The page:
Tuesday, 15 April 2014

Stepping up but not staying in?

I was interested to see that the Department for Education has published a research report into the views of Step Up to Social Work trainees [1]. Step Up to Social Work is a master’s level professional qualifying training route into children’s social work intended to attract academically ‘high flying’ candidates. It involves a partnership between employers and universities.185 trainees started the training in September 2010 followed by and 227 in March 2012.

The programme’s contribution to reducing the workforce shortfall is modest, government figures showing that there are approximately 3,800 children’s social worker vacancies in England [2].

What caught my eye on page 118 of the report was a discussion about the students’ future plans. Only six per cent expressed an intention not to stay in social work at all, but, what the report’s authors refer to as “far more comments” referred to spending only a short period in children’s social work, usually about two years.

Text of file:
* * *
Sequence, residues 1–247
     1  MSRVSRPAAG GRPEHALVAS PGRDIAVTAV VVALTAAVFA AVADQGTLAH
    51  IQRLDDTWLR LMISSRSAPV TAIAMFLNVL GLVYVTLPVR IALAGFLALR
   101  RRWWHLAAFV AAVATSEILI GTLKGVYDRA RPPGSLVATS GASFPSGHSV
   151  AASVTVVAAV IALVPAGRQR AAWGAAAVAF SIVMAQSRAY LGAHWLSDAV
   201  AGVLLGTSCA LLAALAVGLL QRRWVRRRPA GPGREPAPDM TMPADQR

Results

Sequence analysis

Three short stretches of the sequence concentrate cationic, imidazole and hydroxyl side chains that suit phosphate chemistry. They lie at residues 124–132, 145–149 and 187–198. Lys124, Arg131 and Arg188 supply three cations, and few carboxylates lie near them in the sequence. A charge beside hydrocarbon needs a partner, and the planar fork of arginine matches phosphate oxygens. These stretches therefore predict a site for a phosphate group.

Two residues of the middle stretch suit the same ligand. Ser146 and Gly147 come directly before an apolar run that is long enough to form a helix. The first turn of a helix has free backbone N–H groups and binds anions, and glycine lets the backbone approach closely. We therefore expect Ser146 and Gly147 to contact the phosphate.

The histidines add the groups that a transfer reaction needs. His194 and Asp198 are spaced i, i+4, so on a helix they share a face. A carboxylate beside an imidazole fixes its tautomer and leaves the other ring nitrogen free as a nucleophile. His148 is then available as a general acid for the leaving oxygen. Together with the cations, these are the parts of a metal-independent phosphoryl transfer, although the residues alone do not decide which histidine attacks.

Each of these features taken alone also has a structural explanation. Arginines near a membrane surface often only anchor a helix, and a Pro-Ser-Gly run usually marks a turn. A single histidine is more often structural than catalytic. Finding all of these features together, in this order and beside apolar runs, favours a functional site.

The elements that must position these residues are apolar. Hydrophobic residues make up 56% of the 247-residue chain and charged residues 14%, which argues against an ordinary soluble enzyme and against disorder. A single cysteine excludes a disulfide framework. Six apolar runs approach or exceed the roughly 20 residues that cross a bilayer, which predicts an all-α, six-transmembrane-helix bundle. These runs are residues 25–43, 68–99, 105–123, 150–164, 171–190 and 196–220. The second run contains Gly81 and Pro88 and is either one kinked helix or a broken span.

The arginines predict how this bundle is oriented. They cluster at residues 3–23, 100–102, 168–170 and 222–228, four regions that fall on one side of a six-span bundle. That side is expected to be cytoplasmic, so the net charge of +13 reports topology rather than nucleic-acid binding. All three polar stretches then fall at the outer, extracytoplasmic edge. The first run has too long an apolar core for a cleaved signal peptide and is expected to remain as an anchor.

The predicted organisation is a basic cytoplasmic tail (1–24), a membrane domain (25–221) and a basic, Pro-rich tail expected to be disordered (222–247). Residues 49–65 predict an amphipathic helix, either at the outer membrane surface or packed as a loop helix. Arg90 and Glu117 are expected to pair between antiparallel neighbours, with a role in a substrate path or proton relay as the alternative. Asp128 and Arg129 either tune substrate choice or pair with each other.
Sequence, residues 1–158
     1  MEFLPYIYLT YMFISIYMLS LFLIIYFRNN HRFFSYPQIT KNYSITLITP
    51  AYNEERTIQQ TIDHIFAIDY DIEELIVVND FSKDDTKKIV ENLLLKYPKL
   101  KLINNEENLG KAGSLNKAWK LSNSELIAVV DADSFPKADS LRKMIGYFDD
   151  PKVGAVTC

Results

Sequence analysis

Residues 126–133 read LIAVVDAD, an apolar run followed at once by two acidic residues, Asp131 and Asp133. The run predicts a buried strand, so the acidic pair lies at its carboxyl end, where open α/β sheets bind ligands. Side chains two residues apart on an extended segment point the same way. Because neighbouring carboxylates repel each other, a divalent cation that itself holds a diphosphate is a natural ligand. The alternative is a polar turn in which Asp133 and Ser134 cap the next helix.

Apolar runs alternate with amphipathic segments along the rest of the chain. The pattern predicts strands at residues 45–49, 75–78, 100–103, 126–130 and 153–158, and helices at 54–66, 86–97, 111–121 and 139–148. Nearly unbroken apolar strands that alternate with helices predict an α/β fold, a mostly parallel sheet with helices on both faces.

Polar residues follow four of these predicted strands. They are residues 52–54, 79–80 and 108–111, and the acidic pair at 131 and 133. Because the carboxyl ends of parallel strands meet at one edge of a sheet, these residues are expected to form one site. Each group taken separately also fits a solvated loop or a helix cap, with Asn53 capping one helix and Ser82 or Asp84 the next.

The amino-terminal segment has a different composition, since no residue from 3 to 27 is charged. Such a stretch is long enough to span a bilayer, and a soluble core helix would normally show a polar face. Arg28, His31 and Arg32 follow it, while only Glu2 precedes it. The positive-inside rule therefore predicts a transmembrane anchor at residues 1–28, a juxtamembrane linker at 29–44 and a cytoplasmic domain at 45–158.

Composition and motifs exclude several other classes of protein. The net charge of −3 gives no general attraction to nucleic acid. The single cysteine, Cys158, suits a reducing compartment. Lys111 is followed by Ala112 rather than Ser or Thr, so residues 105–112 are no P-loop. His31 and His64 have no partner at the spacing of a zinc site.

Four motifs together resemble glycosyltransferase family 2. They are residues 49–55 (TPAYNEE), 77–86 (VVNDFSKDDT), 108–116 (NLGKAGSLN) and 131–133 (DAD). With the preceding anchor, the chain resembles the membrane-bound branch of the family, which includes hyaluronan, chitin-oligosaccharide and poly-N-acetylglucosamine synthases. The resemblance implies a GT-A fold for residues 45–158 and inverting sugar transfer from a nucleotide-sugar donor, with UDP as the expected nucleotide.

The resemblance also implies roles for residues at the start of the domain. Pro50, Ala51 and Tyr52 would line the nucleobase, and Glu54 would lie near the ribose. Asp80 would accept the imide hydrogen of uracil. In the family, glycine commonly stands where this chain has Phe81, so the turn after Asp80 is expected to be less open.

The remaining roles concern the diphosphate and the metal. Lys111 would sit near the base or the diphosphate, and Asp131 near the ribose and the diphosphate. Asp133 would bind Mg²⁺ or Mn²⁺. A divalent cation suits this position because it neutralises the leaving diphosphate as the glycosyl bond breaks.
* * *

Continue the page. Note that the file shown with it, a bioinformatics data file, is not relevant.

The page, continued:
The report quotes examples of several students who clearly intend to move on quickly. One student is quoted as saying that s/he did not intend to stay in social work for longer than two years, hoping eventually to work with young people “… in another less confrontational context”. Another was seeking “… more direct work with families…” and hoped to move into therapeutic work. Another said that budget cuts and high caseloads made the job less appealing.

All that confirms my own view that the main cause of excessive vacancies in children’s social work in Britain is failure to retain and not so much failure to recruit. A workforce that is composed largely of recently qualified people who intend to move on as soon as the opportunity arises is not what we want. We want a highly experienced workforce of people who have chosen children’s social work as a long-term career.

Sadly retention is not just a matter of concocting some fancy little schemes with zappy sounding names. It is about changing the culture of the organisations that employ children’s social workers. That is hard but it is the only lasting solution.

[1] The Views of Step Up to Social Work Trainees - Cohort 1 and Cohort 2 Research report April 2014 by Dr Mary Baginsky and Professor Jill Manthorpe, Social Care Workforce Research Unit, King’s College, London